This article originally appeared in the January 2012 issue of MemphiSport.
Mayo, like his peers, is relieved the players and owners had finally reached a resolution on a new collective bargaining agreement that ended an intense, 149-day lockout. He is happy to finally to be back to the team’s facility for the first time since the Grizzlies’ dramatic postseason run ended in seven games to Oklahoma City six months ago. Most importantly, Mayo is elated to be back in Memphis after a somewhat tumultuous campaign in which he was the center of midseason trade rumors after losing his starting job to then-rookie Xavier Henry.
After all, it was a decision by Grizzlies coach Lionel Hollins about which Mayo admittedly could have easily ruined the chemistry of a Memphis team that was among the NBA’s hottest during the season’s late stages.
Among the reasons is that the 24-year-old Mayo, who was in his third pro season, was averaging 13.6 points per game. However, he was benched in favor of an unproven newcomer who was averaging just 5.6 points per outing, including six points on a dismal 1-of-9 shooting in his first start in a win against Miami.
“I thought last year after I got benched, I was little mature about it,” Mayo said. “But I didn’t want to hurt my team. One thing that I’ve never wanted to be was that cancer in the dressing room, because we had a good thing going.”
As for rumors involving a Mayo trade near the season’s halfway point, Hollins contends much of those speculations were media-driven, going as far as to say that he sensed all along that Mayo would return to the Bluff City for the 2011-2012 season. “I knew for a long time that he would be back,” Hollins said. “I mean, that was you guys that were writing and saying that O. J. wasn’t going to be here.”
Part of the reason for Hollins’ decision to demote Mayo is that he showed up late for the team’s shoot-around before their game against the Heat. It also didn’t help that the former Southern Cal standout was enduring a shooting slump, which essentially increased Hollins desire to make the immediate lineup change.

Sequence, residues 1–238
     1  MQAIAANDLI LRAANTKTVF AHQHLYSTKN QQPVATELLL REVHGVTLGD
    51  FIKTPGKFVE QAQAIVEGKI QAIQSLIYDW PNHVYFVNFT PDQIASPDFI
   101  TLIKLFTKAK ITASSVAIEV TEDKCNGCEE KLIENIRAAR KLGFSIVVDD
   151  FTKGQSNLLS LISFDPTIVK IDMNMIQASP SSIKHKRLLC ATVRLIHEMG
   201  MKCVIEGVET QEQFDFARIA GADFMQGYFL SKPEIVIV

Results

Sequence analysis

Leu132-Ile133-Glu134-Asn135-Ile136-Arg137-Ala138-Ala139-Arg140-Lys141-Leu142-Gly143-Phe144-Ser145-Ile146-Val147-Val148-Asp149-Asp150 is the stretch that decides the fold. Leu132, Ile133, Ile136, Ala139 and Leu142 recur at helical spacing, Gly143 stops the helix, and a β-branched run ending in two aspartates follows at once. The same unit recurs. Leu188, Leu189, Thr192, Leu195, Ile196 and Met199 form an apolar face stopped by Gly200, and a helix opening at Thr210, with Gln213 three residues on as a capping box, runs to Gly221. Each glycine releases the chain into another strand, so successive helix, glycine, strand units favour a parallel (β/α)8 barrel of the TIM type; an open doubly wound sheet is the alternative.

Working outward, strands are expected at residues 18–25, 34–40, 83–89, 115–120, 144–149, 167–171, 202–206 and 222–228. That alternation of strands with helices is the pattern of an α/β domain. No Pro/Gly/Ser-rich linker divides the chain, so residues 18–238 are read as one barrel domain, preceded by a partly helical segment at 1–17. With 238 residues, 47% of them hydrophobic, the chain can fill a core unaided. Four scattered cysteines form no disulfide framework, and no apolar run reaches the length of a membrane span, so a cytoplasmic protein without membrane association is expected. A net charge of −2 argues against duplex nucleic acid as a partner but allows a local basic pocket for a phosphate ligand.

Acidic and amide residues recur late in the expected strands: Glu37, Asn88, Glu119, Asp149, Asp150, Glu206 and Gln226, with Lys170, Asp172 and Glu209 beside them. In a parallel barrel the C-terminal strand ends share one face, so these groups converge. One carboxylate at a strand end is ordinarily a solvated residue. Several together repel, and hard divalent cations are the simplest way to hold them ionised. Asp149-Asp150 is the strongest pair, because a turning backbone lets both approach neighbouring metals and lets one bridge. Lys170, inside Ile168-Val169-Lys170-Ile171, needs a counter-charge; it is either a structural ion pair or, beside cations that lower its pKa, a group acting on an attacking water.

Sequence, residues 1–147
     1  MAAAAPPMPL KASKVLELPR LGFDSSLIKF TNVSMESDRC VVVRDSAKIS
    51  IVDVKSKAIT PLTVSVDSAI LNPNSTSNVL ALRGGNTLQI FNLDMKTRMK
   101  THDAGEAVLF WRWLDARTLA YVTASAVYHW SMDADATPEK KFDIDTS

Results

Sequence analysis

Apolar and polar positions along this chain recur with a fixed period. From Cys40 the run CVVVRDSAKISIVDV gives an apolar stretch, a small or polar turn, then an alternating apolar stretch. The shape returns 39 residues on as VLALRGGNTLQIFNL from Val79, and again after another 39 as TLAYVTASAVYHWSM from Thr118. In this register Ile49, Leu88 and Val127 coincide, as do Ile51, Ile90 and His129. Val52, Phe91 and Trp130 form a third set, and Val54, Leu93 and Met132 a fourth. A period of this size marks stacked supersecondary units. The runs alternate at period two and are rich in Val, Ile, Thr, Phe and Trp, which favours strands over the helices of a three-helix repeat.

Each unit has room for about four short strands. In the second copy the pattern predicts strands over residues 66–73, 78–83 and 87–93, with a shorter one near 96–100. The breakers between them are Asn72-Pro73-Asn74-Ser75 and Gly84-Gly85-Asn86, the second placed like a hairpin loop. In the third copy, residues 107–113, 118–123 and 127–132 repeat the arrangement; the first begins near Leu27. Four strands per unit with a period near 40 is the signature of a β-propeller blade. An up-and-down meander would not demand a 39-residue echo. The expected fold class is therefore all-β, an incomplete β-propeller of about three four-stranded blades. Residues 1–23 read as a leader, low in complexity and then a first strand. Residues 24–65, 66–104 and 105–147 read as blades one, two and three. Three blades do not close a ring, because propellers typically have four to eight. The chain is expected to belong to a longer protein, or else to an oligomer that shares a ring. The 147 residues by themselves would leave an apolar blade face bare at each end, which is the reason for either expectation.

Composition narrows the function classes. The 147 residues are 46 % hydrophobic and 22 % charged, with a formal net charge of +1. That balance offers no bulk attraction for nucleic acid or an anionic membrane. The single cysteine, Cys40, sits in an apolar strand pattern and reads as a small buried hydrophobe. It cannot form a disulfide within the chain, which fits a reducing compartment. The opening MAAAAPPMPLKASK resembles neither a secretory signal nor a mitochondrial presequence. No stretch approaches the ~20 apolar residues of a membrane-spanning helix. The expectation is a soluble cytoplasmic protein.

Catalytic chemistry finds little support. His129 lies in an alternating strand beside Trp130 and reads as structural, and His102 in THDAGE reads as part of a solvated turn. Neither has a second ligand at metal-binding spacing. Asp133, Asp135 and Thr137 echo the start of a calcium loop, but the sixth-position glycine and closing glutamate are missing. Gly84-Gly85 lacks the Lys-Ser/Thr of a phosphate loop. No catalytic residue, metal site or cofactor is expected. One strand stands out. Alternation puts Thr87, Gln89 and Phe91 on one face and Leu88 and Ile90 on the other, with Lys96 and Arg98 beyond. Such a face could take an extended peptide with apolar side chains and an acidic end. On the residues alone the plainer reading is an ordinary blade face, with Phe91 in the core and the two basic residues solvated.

Still, although many outside of the organization believed that Hollins’ benching Mayo put a damper on their relationship, Mayo is quick to say that his connection with his coach is stronger than it has been in recent years. That’s because Mayo was just as proficient offensively as the Grizzlies’ top reserve, having witnessed his scoring average increase to 20 points per contest while helping lead surging Memphis to 32-22 record in the process.
The Memphis Grizzlies are a little more than an hour away from their preseason opener against the New Orleans Hornets, and O. J. Mayo is the first player fully dressed in his uniform. Sitting in front of his locker, the Grizzlies shooting guard is seemingly enjoying the music that is ringing from the loud speakers in the dressing room, considering he is rendering the lyrics while motioning his head back and forth.
His late-season progress, coupled with Rudy Gay’s season-ending shoulder injury days after the All-Star break, eventually led to him making his first postseason start, one he will likely never forget. Mayo, who owns the franchise record with 20 postseason three-pointers, managed 16 points and tied a playoff-record with four steals in helping the Grizzlies force a decisive seventh game against the Thunder.
“I think he’s better because of last year,” Grizzlies guard Tony Allen said of Mayo, whom he was involved in a fight with last year on the team plane over a debt from an in-flight card game. “I mean, the man was benched and was averaging 17 points. He’s been through the fire, but we’re glad to have him around.”
Meanwhile, as for being back for his fourth year with the Grizzlies, Mayo said his main focus is to continue contributing to a team that is expected to secure one of the Western Conference’s eight playoff spots, regardless of whether he starts or not.
As for whether he will finish out the 66-game regular season in Memphis, Mayo, who was the subject of trade rumors days before the Grizzlies’ Dec. 26 season opener at San Antonio, said that is the least of his worries.
“Being from West Virginia, I feel like this is my second home,” Mayo said. “It’s definitely where I want to be.”
That was rather easy to assume, given Mayo was the first player in uniform roughly an hour before the preseason opener.
By Andre Johnson, photo by Justin Ford